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Members of a children's choir performs in the Neu Freimann displaced persons camp.

Photograph | Digitized | Photograph Number: 31989

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    Members of a children's choir performs in the Neu Freimann displaced persons camp.
    Members of a children's choir performs in the Neu Freimann displaced persons camp.

    Overview

    Caption
    Members of a children's choir performs in the Neu Freimann displaced persons camp.
    Date
    1946
    Locale
    Neu Freimann, [Munich] Germany
    Photo Credit
    United States Holocaust Memorial Museum, courtesy of Aaron Elster

    Rights & Restrictions

    Photo Source
    United States Holocaust Memorial Museum
    Copyright: United States Holocaust Memorial Museum
    Provenance: Aaron Elster
    Source Record ID: Collections: 1996.A.544

    Keywords & Subjects

    Administrative Notes

    Biography
    Nachman Aaron Elster is the son of Chaim Sruel and Cywia (Szczerb) Elster. He was born September 15, 1931 in Sokolow Podlaski, Poland, where his parents owned a butcher shop that catered primarily to Poles. Nachman Aaron had two sisters, Sura Rivka and Ita Jospa. After the German occupation the Elsters were forced into the local ghetto. Nachman Aaron's sixteen-year-old uncle was subsequently put on a transport to Treblinka but managed to jump off the train. A German guard shot him in the neck, but he managed to return to the ghetto only to die later of his wounds. In September 1942 the ghetto was surrounded in preparation for its final liquidation. Earlier, Nachman Aaron's parents hid his sister, Ita, with a Polish couple named Hipolit and Franceska Gurski. The rest of the family hid with neighbors behind a double wall in the attic of their apartment. When a young child with them began to cry, their hiding place was discovered, and all the Jews were assembled in the marketplace to await deportation. In the chaos, Nachman Aaron's father urged him to escape and find the Gurski family. Nachman Aaron crawled away from the scene through a gutter, ran into an empty house and hid overnight. The next day, he escaped from the empty ghetto and ran to a nearby farm where he met a group of escaped Jews. They told him that his mother was alive and had been assigned to a labor brigade that was sorting and packing Jewish belongings to send to Germany. Nachman Aaron found his mother, and she hid him during the day while she was at work. Cywia and Nachman Aaron spent the next several weeks running from farm to farm seeking food and shelter. When it became too cold to continue, Cywia gave Nachman Aaron some jewelry and told him to try to find the Gurskis. He ultimately found them, but they were reluctant to take him in for fear he would endanger their lives and that of his sister. They told him he could stay for only a few days, but Nachman Aaron hid in their attic for two years until the end of the war. He and Ita survived, but his mother was betrayed by a Polish farmer and shot just four months before liberation. Chaim and Sura were killed in Treblinka. After the liberation, Nachman Aaron remained in Poland for six months before going to Germany. He lived in the Fuerth and Neu Freimann displaced persons camps for two years and then sailed to the US in June 1947 on board the SS Marine Marlin.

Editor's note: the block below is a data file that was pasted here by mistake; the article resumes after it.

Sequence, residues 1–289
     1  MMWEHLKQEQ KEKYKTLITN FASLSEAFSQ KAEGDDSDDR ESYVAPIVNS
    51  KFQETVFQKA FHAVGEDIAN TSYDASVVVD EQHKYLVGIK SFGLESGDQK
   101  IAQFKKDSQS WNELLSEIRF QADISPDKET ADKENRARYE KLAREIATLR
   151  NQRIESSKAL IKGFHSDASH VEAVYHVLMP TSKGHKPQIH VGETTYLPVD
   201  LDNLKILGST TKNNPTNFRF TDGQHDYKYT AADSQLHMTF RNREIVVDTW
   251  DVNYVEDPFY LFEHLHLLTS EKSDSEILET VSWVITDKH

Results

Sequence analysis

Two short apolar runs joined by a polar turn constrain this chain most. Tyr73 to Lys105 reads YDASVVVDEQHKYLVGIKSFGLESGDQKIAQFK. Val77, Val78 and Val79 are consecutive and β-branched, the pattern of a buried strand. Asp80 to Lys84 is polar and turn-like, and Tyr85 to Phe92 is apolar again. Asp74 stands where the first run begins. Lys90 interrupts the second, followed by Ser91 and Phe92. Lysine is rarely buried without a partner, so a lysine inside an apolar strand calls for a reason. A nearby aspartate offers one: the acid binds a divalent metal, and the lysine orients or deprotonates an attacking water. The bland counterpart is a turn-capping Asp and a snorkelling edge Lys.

Record last modified:
    2005-04-11 00:00:00
    This page:
    https:​/​/collections.ushmm.org​/search​/catalog​/pa1110838

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